The wind is harsh in Thorlby, capital of Gettland on the western shore of the Shattered Sea, and the news carried on the wings of the messenger birds is most often bad. Younger son of King Uthrik, Yarvi has never sought power nor the glory of battle: born with a deformed hand, his family have never forgiven him his infirmity which is why he was trained to enter the Ministry where his only friend is his ancient teacher Mother Gundring.
It begins in a classroom, what should be a benign place of safety yet is anything but, the students marshalled by armed soldiers. Strapped to her chair, Melanie adores Miss Justineau beyond all the other teachers and loves to read Greek mythology, associating herself with Pandora, “the girl with all the gifts,” a blessing and a curse as Melanie’s curiosity drives her to look beyond what is presented and ask why none of the children live with their parents like the families in their storybooks, why she cannot even remember her parents.
Robin Wright had it all; a movie queen at twenty four through her role as Buttercup in The Princess Bride, now her long suffering agent Al (Harvey Keitel) must be cruel to be kind, listing all the times she has squandered her chances by walking out of roles, a series of bad choices through the last two decades even before her son Aaron (Kodi Smit-McPhee), suffering from a degeneration of vision and hearing, became her excuse, but it is something Robin needs to hear.
It is the nature of scientific endeavour that in order to achieve, sacrifices must be made; every theory must eventually be tested, and even when all safety precautions have been taken, there is always the unpredictable, the unseen failure. It is a testament to the dedication of all those who have been involved in the spaceflight programme, the theoreticians, the designers, the engineers, that there have been so few human lives lost; the crews of Soyuz 1, Soyuz 11, the Challenger and the Columbia, their names remembered and celebrated, yet the space programme might never have progressed so far to allow these men and woman to leave our planet had it not been for the knowing decision to send another to her lonely death in orbit on November 3rd 1957 aboard Sputnik 2.
“Dare you see the devil in you?” asks the flyer for “master mentalist and mystery performer” Ian Harvey Stone’s Edinburgh Fringe show, promising a “Faustian mix of storytelling, magic, horror and interactive theatre.” The grand setting, the India Buildings of Victoria Street, its multi-storeyed stone façade dating to the eighteenth century, topped with a magnificent dome around which balconies look down on the floor below, and on a dark night, the wind and rain howling outside, what better way to escape the elements than to face the darkness of the supernatural?
Luc Besson, a director known in equal measures for his genius and notoriety, has been around for a long time. His influence on the last twenty five years of cinema can be felt mainly in the action genre, but even films not associated with him have had his Gallic touch applied. With only a cursory glance at the filmography of the accomplished writer, producer and director, films such as Nikita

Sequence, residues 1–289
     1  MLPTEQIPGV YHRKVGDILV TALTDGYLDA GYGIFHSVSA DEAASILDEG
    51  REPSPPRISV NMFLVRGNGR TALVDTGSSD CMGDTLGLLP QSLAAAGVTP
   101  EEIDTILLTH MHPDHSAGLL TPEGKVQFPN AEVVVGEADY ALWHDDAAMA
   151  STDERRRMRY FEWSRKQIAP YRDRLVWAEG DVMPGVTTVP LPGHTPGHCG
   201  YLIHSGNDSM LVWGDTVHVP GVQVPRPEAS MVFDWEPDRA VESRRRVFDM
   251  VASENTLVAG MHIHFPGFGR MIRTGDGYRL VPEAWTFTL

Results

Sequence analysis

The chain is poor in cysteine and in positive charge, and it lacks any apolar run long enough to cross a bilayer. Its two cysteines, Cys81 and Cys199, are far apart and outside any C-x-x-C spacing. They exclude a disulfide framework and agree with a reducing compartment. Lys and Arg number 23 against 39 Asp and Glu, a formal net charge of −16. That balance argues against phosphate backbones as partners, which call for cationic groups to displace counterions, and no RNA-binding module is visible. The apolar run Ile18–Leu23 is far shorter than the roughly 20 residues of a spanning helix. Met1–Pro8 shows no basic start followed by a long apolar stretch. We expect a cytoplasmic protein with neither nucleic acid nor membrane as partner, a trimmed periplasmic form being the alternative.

(remade first with Bridget Fonda as The Assassin
and then twice for television), Léon
aka The Professional
and The Fifth Element
spring to mind as examples of his great films with strong female protagonists who mostly leave the lead men floundering behind them, so Lucy, starring current leading lady of the action genre Scarlett Johansson is bound to bring us another classic character. Malheureusement, non.
Recently announced to direct the big screen adaptation of Marvel’s Doctor Strange, the career of Scott Derrickson can most kindly be described as erratic. There was little positive to be said about his feature debut, the literally straight-to-video-Hell sequel Hellraiser: Inferno, though his courtroom drama horror mashup The Exorcism of Emily Rose could not fail to be more successful, financially and creatively. With no hand in the script for the misconceived and bungled remake of The Day the Earth Stood Still he cannot be held fully for it’s abject failure, and his subsequent return to horror with Sinister had strong performances and a welcome twisted streak.
Opening with an echo of John Carpenter’s Escape from New York, a caption informs that by the year 2023 unemployment in the United States is below 5% thanks to the reforms of the New Founding Fathers and their introduction of the Annual Purge during which all crime is legal including murder, allowing the supposedly otherwise productive and well balanced population to channel their aggression, anger and resentment in a single night of chaos; as the clock ticks down to 7pm on March 21st, the time approaches for the fifth Purge.
Presented by the appropriately named Stripped Down Productions, the fate of seven Soviet soldiers captured by enemy forces in southern Poland in the spring of 1944 is recreated in this play directed by Joao de Sousa as they are thrown into an underground chamber beneath a ruined monastery, locked in the former meat curing room and abandoned without food, water or clothing.
The stage is bathed in soft light and ethereal choral music; one side is dominated by a diorama of the surface of Mars with a habitation, the other a sparse futuristic office space. He is pensive as he examines the proposed landing site; she is calm as she oversees operations. The two sides of the endeavour of exploration are represented, the determined resolve and the detached rationality, but though both operate through the technology they have devised, they are human and thus inherently flawed.